“The Hunting Party” and why the TSA thought my cookies were the bomb

A group of old college friends (and their someones) are spending New Years together, a tradition leftover from their college days. This year, they’re spending it in a beautiful and isolated estate in the Scottish Highlands. They arrive just before a blizzard seals them off from the outside world.

“On my good days, I persuade myself that I love these trees: their glossy needles, the cones that I collect to keep in bowls around the house, the warm green Christmas scent of the resin when you walk among them. On my bad days I decide they look funeral, like sinister black-cloaked sentinels.”

Isolated and alone, the friends realize they have grown apart, and past resentments bubble to the surface; then one of them is murdered. With access to the outside world cut off, they are trapped with a killer.

“Keep your friends close, and your enemies closer.”

I don’t always enjoy multiple narrator stories. To be honest, I often start a new chapter and don’t notice whose perspective I’m reading. I get confused and have to backtrack to the chapter title to know. But, I did enjoy the 5 perspectives/ narrators in Lucy Foley’s “The Hunting Party.”

Heather: The manager of the lodge and an outside perspective to the group of frenemies. She has her own reasons for living in an isolated locale.

Doug: The gamekeeper of the lodge and another outside perspective to the group though he has a few run ins with them. He also has secrets he’s hiding from.

Emma: The SO of an original member that is desperate to impress and be considered part of the group. She organized this year’s trip and is a unique inside perspective to the group while still being an outsider.

Miranda: The Queen Bee of the group, and always the center of attention. She is desperate to keep everything and everyone the same as it was in college.

Katie: Miranda’s best friend since childhood and the wallflower of the group. She’s another inside perspective, but one that’s ready to move on from her college days….and her friends.

I also LOVED the very Agatha Christiesque setting: Isolated place, only a small set of people that could be the killer, very “And Then There Were None” feels. I also loved, and respected, Lucy Foley’s ability to keep the identities of the killer and the victim under wraps for a large chunk of the story, revealing small details and throwing out red herrings along the way. I’m very excited to read her newest novel, “The Guest List” that takes place on an island, another closed-room mystery.

4 stars

Since the story takes place at a very expensive and exclusive Scottish estate in the highlands, I decided to make Millionaire Shortbread. It’s a Scottish shortbread cookie topped with a caramel type sauce and dark chocolate on top of that! I am a huge fan of shortbread and the Scots make some of the best in the world. I tried to make the most authentic recipe I could find and even made my own golden syrup because my local grocery doesn’t have it. Pro Tip: it was super easy!

I worked on these cookies while trying to pack for a trip to see my family. (It had been a year since I saw them last so I was excited.) Needless to say I was distracted and things went wrong pretty fast. The caramel stuff, that requires constant stirring while heating to a certain temp, burned! I swear I stirred the entire time. And, I didn’t have the ingredients or the time to make it again so I did what any self respecting, slightly stressed person does, and I gave up. I figured I’d come up with something else when I got back. But I had to let the caramel cool before I could toss it and luckily, I decided to taste it. It was good. I mean REAL GOOD. No burnt flavor at all! So I used it and quickly put it all together.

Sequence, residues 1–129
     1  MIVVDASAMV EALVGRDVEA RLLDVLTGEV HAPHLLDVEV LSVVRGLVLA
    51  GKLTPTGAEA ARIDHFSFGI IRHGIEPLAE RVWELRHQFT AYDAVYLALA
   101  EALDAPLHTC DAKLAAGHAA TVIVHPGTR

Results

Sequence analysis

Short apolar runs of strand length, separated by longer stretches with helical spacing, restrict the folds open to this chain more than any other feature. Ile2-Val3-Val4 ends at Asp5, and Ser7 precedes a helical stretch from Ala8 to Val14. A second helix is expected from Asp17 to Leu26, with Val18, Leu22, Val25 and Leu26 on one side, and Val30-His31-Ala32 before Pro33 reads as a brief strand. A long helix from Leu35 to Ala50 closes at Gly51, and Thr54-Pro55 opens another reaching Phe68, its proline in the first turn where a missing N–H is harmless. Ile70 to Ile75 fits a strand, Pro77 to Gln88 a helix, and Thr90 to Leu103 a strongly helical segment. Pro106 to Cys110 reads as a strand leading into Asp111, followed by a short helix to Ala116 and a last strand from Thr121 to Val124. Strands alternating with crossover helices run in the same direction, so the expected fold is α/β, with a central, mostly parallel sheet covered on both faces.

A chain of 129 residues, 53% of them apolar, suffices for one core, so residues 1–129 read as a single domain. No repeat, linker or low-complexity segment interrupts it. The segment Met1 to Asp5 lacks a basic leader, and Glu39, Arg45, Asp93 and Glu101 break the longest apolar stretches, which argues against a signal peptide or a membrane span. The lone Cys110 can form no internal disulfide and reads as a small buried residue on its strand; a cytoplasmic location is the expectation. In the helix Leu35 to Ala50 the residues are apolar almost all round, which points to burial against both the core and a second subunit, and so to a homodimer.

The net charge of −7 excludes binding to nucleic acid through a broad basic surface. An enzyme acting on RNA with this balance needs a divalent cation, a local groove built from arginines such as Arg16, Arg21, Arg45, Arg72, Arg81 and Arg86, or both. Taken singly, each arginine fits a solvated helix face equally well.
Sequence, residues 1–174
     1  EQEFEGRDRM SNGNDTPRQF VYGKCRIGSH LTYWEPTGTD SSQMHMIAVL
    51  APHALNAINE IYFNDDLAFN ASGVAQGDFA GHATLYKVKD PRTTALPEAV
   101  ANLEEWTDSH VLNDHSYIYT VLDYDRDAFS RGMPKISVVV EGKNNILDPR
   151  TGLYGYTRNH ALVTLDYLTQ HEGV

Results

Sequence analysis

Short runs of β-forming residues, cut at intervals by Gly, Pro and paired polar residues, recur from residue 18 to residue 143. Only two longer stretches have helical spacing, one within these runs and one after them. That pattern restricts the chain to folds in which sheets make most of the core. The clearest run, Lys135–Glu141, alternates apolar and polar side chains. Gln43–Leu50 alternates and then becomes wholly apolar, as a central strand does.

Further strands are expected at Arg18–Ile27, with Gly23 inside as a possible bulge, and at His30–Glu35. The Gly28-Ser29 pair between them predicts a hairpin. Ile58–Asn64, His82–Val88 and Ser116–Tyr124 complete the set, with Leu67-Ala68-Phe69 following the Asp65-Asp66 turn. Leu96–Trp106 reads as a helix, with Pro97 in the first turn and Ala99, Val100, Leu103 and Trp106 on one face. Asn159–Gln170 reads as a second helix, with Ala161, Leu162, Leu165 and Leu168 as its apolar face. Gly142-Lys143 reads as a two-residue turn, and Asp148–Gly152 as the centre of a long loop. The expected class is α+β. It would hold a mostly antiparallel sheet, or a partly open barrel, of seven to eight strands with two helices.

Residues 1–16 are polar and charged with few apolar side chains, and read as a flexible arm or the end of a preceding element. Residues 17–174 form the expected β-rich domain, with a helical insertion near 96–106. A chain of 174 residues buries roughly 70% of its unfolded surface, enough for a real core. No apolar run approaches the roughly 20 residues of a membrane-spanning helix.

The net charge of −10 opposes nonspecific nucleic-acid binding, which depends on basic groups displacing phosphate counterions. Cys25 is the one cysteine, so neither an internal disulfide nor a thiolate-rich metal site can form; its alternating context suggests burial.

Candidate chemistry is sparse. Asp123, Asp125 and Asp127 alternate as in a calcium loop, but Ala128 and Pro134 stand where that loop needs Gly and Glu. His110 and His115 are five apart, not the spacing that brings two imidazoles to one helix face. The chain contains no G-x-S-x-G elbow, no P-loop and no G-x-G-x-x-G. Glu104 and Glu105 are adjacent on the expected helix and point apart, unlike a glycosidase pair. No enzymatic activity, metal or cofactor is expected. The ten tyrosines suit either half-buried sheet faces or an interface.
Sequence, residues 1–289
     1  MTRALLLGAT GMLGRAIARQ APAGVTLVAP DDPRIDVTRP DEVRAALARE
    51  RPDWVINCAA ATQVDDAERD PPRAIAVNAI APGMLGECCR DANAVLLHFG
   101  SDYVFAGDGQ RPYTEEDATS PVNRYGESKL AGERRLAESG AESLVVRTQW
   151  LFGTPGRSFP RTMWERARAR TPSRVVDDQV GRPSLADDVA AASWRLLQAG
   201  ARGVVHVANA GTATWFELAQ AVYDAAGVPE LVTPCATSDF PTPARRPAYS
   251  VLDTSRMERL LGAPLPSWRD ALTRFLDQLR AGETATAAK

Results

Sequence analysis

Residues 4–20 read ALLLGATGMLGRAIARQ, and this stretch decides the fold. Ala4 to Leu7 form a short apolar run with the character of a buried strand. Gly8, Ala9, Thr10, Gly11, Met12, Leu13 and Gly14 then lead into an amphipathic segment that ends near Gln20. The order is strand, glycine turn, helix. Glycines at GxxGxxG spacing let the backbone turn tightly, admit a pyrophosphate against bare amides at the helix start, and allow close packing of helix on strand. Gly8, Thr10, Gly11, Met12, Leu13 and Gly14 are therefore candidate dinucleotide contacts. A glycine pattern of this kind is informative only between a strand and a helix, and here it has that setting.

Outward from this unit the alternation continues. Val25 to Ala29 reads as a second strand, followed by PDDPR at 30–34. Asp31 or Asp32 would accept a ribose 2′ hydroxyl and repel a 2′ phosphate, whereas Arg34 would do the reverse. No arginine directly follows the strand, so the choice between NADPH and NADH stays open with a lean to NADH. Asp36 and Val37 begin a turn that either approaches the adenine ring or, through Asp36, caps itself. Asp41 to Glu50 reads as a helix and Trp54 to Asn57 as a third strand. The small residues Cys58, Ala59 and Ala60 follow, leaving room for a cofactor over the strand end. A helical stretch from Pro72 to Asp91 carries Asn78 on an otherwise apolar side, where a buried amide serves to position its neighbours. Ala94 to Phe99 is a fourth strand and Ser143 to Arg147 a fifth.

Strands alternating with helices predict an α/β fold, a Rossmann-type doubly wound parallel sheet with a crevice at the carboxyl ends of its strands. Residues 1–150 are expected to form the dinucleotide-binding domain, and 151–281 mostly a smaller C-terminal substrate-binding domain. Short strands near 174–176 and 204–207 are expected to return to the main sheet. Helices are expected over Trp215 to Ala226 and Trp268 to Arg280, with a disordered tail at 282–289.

But now I had a giant pan of cookies…. and we were leaving. So I did the only reasonable thing and packed it in Tupperware and put it in my carryon bag. Fast-forward a couple hours to the airport security line. TSA saw it on the x-ray and pulled it aside. They carefully opened it. They were gloved. They looked at the Tupperware, and swabbed it and the bag and ran a residue test. “It’s cookies,” I offered. But they still waited for the residue test results.

Eventually they zipped it back up and handed it back to me. I think that caramel filling looked pretty strange on the TSA screen! So here’s the recipe I used and here’s the link to it. I’ve also linked the shortbread and golden syrup recipes below.

Scottish Millionaire Shortbread


1 batch Homemade Scottish Shortbread fully cooled (click link for recipe)

14 ounce can of sweetened condensed milk

½ c unsalted butter

¼ c brown sugar

2 Tbsp Lyle’s Golden Syrup or Homemade (click link for recipe)

pinch of salt

1 tsp vanilla extract

8 oz quality dark or milk chocolate


  1. Bake shortbread in 8×8 or 9×9 pan.
  2. Place the sweetened condensed milk, butter, brown sugar, golden syrup, and salt in a medium saucepan and heat over medium until melted, stirring regularly. Continue to simmer until the mixture has thickened and is golden, 5-6 minutes, stirring constantly to prevent scorching. When you run a spoon down the middle it should leave an empty trail along the saucepan. The caramel mixture is done when it reaches 225° F. Remove from heat and stir in vanilla extract.
  3. Pour the caramel mixture over the prepared Scottish shortbread and use a spoon to evenly smooth it out. Let it cool completely.
  4. Heat the chocolate in a microwave-safe bowl until melted, stirring occasionally. Pour the chocolate over the firmed up caramel and smooth it evenly. Place it in the fridge to cool completely.
  5. Cut into squares (it’s easiest to do at room temperature) and enjoy!

Published by Aprile

An passionate reader, amateur baker, aspiring writer, and professional cat lady.

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